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False Alumroot, Fringe Cup, Fringecup

Tellima grandiflora

Family: Saxifragaceae (saks-ih-frag-AY-see-ee) (Info)
Genus: Tellima (te-LEE-muh) (Info)
Species: grandiflora (gran-dih-FLOR-uh) (Info)
View this plant in a garden



Foliage Color:


Bloom Characteristics:

Unknown - Tell us

Water Requirements:

Requires consistently moist soil; do not let dry out between waterings

Where to Grow:

Grow outdoors year-round

Suitable for growing in containers


12-18 in. (30-45 cm)


6-9 in. (15-22 cm)

9-12 in. (22-30 cm)


USDA Zone 4a: to -34.4 C (-30 F)

USDA Zone 4b: to -31.6 C (-25 F)

USDA Zone 5a: to -28.8 C (-20 F)

USDA Zone 5b: to -26.1 C (-15 F)

USDA Zone 6a: to -23.3 C (-10 F)

USDA Zone 6b: to -20.5 C (-5 F)

USDA Zone 7a: to -17.7 C (0 F)

USDA Zone 7b: to -14.9 C (5 F)

Sun Exposure:

Partial to Full Shade


Unknown - Tell us

Bloom Color:

Pale Pink


White/Near White

Bloom Time:

Late Spring/Early Summer




Other details:

Unknown - Tell us

Soil pH requirements:

Unknown - Tell us

Patent Information:


Propagation Methods:

By dividing the rootball

From seed; sow indoors before last frost

Seed Collecting:

Unknown - Tell us


This plant has been said to grow in the following regions:

Wasilla, Alaska

Richmond, California

Barbourville, Kentucky

Blodgett, Oregon

Dallas, Oregon

Portland, Oregon (2 reports)

Salem, Oregon

Bremerton, Washington

Kalama, Washington

Poulsbo, Washington

Seattle, Washington

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Gardeners' Notes:


On Jan 11, 2016, coriaceous from ROSLINDALE, MA wrote:

A good groundcover for a waterside planting, or in moist light woodland shade, as long as moisture is consistent. Tolerates saturated soils and seasonal flooding. Can be evergreen in mild winter climates.

The small flowers open pale green and take on pink tones as they age. Flower stems are untidy when flowering is over and need to be cut back then.

This is one of the few plants native to western N. America that performs well in the northeast. Does not like the hot summers of the southeast.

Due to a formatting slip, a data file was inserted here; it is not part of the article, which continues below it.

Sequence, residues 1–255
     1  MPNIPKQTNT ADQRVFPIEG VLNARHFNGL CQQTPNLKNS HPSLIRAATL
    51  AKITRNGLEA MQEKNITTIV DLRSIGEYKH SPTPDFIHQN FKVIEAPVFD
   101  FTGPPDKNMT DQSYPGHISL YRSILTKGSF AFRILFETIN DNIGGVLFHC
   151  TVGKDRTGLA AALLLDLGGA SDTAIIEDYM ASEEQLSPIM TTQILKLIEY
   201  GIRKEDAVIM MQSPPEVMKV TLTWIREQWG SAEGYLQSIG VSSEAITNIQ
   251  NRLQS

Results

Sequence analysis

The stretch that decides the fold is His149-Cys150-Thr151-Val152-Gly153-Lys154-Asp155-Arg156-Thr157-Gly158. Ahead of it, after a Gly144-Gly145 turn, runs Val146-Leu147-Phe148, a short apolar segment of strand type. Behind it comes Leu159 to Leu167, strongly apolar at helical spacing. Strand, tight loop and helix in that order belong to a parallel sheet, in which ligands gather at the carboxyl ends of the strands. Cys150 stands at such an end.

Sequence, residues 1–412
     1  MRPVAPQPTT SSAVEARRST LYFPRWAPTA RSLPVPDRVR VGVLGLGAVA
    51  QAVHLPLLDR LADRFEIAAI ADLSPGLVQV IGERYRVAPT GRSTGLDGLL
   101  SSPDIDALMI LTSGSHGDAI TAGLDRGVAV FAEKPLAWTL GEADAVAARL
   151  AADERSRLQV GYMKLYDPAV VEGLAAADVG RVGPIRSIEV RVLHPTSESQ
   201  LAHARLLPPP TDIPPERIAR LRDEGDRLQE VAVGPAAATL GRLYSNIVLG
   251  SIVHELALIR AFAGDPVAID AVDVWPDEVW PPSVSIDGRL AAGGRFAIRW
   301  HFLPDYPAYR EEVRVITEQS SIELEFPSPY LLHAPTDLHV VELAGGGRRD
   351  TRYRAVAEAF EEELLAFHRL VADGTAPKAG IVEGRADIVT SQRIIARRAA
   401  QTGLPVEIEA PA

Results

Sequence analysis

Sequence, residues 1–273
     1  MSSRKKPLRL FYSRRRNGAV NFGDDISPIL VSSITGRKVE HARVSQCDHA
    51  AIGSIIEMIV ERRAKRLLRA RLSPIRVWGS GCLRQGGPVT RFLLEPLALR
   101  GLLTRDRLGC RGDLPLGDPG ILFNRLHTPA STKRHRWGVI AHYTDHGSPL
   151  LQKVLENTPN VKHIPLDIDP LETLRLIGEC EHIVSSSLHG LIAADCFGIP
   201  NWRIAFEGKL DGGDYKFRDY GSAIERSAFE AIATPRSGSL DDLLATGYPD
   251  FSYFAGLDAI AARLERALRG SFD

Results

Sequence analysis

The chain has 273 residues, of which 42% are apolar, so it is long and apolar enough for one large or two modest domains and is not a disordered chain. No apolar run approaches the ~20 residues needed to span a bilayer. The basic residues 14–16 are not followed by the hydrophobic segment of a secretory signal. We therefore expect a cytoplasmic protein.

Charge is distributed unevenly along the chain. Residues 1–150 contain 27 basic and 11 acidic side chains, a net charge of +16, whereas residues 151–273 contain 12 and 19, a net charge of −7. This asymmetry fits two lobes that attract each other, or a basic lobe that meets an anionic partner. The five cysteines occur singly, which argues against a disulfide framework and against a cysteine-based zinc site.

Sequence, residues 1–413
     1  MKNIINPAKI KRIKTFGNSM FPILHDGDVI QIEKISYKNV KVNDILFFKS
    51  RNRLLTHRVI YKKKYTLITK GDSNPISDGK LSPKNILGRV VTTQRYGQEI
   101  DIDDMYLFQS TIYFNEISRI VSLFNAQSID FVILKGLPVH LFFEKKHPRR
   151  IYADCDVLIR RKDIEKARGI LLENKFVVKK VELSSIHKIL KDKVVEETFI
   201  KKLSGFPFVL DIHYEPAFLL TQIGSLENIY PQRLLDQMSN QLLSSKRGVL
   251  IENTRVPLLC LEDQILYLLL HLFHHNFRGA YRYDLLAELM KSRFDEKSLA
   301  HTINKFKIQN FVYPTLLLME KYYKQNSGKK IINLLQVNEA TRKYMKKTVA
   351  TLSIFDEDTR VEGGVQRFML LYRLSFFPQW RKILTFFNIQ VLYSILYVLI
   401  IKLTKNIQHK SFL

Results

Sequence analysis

On May 7, 2011, lehua_mc from Portland, OR (Zone 8b) wrote:

I've had two fringe cups in the garden for a year now, and both were basically evergreen over the winter, one where other new 'evergreen' additions had frost damage and tip damage. So far problem free, in addition to not looking tatty from slug damage!


On May 11, 2009, anelson77 from Seattle, WA wrote:

This is a native which is very adaptable. It reseeds volunteers in all the part shady places of the garden, and is not fussy about soil, drainage or amount of water. It needs no fertilizer. It looks great in the spring, with not showy but attractive flower spires. It can get ratty looking by mid summer when covered with dried flower stalks. I just prune to the ground when it gets ugly to get some fresh, neat looking new growth. The volunteers are very easy to pull when they pop up in unwanted places, and are very easy to transplant to fill in any gaps.


On May 23, 2005, xyris from Sebring, FL (Zone 9b) wrote:

This is a common native wildflower in western Washington, and is not picky about soil, amount of sun, or moisture levels. It pops up as seedlings in my garden, particularly in moist shady areas, and I let most of them grow.


On Sep 2, 2001, talinum from Kearney, NE (Zone 5a) wrote:

Ground cover plant with basal foliage and thin wiry flower stems which are 12"-18" high. Plant width is 12"-18". The 3"-4" wide basal leaves are heart shaped and very hairy. The flowers are bell-shaped.

This species should be grown in shaded areas in a moist, organic amended soul. Additions of peat moss and other organic materials aid in moisture retention.

Vigorous grower suitable for wildflower or woodland garden.

Native to western North America from Alaska to California